If I’ve not yet convinced you that you will find spirits–other than alcoholic ones–in a bottle of Botanist, then allow me one more go…

 

Number 15, Red Clover (Trifolium pratense), is “the species of the legendary four-leaf clover… Many of the Celtic races revered the clover, believing that if one carried a (three-leaf) clover it would give advance warning of evil spirits ahead, and a four-leaf clover would provide active protection. Similarly medieval children were told that a four-leaf clover would allow the bearer to see faeries where they were hidden.”

 

Apparently the chances of “finding a four-leaf clover are estimated at 10,000-1,” so “there has to be at least one in a bottle of Botanist somewhere…”

 

*Originally published at Quail Bell Magazine for Distill My Heart, a column about all things alcoholic and aromatic!*

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The Poetry of Alchemy, Distillation, Transmutation and Shakespeare’s Sonnet 33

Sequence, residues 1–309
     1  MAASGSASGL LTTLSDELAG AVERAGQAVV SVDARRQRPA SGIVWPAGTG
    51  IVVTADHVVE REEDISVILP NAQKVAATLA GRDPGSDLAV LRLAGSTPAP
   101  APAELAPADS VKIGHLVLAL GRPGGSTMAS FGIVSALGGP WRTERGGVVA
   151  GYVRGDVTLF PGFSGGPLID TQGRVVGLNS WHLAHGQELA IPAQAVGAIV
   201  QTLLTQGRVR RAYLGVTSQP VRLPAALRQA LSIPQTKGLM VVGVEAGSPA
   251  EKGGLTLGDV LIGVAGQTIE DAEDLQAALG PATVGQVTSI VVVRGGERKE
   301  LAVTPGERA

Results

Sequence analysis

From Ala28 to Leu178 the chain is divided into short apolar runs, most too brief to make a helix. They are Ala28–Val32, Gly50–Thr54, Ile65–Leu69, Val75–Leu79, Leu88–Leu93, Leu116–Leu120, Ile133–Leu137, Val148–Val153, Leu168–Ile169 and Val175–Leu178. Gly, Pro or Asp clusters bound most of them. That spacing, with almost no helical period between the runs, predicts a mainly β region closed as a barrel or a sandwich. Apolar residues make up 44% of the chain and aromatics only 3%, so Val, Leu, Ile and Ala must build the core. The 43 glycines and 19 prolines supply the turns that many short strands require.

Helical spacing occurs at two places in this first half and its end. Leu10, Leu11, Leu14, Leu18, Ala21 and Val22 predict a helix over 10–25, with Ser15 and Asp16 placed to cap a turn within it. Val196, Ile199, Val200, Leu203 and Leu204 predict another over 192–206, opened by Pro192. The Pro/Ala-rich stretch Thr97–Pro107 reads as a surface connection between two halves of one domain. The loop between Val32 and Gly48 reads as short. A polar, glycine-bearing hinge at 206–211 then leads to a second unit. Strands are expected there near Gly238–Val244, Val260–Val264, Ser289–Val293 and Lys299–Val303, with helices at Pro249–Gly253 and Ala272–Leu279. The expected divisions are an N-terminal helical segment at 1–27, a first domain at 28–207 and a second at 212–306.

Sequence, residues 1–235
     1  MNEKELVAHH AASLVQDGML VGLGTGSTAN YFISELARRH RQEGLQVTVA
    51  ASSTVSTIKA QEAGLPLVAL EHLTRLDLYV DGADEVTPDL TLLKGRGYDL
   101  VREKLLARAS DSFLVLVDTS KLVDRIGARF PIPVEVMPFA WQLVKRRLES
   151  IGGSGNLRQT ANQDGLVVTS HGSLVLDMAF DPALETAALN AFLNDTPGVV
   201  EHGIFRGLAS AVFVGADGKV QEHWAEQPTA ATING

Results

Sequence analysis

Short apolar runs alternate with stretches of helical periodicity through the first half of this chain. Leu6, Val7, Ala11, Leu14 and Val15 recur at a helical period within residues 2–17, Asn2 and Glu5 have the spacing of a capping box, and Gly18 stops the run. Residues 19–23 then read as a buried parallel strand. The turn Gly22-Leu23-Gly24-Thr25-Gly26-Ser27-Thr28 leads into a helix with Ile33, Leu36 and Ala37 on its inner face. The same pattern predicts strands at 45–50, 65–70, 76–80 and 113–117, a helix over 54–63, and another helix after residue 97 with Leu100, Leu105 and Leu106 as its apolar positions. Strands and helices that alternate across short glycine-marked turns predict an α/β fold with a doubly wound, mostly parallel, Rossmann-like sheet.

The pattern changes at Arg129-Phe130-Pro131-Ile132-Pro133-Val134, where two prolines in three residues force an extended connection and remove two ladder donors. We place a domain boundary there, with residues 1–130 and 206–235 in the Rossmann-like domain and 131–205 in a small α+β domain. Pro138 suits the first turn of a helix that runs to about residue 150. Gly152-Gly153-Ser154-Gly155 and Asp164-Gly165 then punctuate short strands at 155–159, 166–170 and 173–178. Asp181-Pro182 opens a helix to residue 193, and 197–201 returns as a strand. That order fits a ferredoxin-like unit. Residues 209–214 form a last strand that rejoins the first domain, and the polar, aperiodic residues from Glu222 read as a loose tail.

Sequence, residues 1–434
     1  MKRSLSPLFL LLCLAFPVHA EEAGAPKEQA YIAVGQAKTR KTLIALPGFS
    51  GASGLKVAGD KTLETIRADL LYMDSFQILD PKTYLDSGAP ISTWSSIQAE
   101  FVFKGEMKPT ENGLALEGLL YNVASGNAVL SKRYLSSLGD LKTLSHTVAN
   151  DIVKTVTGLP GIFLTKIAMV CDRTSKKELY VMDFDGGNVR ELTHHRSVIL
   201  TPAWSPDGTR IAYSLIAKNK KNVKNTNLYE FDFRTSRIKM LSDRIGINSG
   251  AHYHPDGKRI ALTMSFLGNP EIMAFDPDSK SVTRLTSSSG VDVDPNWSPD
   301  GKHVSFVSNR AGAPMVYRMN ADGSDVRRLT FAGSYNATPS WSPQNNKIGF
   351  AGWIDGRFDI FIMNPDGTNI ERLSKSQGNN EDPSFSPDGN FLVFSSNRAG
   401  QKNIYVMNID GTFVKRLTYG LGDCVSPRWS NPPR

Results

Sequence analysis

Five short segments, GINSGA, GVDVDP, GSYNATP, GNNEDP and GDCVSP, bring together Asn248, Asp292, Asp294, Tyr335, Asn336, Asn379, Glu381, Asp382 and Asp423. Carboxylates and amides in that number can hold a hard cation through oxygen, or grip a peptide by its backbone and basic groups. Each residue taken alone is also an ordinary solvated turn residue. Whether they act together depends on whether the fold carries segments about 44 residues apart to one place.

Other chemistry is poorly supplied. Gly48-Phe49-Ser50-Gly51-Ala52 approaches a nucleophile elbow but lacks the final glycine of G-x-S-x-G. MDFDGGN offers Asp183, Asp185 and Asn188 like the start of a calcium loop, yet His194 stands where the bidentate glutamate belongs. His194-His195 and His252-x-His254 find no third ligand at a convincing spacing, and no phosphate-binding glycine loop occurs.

I do love my booze, but even beyond the literal satisfaction of imbibing spirits, distillation offers a wonderful metaphor. You take a thing that you really really like, put it into an apparatus, subject it to fire, force its volatility, and are rewarded with a high concentration of the thing you liked about the thing you like. In other words, you make the thing you like more like the thing you liked about that thing. Get it? No? Ok, I’ll try again, but first let’s drink to our health…

Ah, that’s better.

It’s like this: writers who are worth their salt know that the writing itself is fine and/or painful, but it’s the edit–the distillation –into high proof prose or poetry that knocks socks off.

Writing–the putting words on paper or device–is like dropping berries in a bucket–fermentation will happen and you will get something mildly alcoholic. You can thank the yeast fairies for that. Likewise, you can thank the human brain for the stories and images that drop into the buckets of our imagination. But it is the work of the writer to distill the fermented mash into a strong-ass spirit.

In Proof, a delightfully geek-inducing book on the science of booze, Adam Rogers writes, “Distillation tells us that having less of something can make it more potent. It is concentration. It is focus.”

While fermentation is natural and will happen with or without us, distillation is a human invention, a technology. As Rogers puts it, “Distillation takes intelligence and will. To distill, literally or metaphorically, requires the hubris to believe you can change the world.”